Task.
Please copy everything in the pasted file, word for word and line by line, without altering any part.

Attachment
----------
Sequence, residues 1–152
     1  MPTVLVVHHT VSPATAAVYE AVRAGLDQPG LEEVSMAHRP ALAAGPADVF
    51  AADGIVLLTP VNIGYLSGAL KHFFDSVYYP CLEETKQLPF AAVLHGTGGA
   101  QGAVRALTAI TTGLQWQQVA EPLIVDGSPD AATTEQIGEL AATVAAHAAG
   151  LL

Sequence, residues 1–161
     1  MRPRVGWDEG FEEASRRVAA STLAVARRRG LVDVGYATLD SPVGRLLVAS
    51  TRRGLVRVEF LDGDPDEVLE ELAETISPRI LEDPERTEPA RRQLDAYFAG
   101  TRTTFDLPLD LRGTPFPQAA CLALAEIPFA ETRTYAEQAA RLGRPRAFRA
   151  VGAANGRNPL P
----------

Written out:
Sequence, residues 1–152
     1  MPTVLVVHHT VSPATAAVYE AVRAGLDQPG LEEVSMAHRP ALAAGPADVF
    51  AADGIVLLTP VNIGYLSGAL KHFFDSVYYP CLEETKQLPF AAVLHGTGGA
   101  QGAVRALTAI TTGLQWQQVA EPLIVDGSPD AATTEQIGEL AATVAAHAAG
   151  LL

Sequence, residues 1–161
     1  MRPRVGWDEG FEEASRRVAA STLAVARRRG LVDVGYATLD SPVGRLLVAS
    51  TRRGLVRVEF LDGDPDEVLE ELAETISPRI LEDPERTEPA RRQLDAYFAG
   101  TRTTFDLPLD LRGTPFPQAA CLALAEIPFA ETRTYAEQAA RLGRPRAFRA
   151  VGAANGRNPL P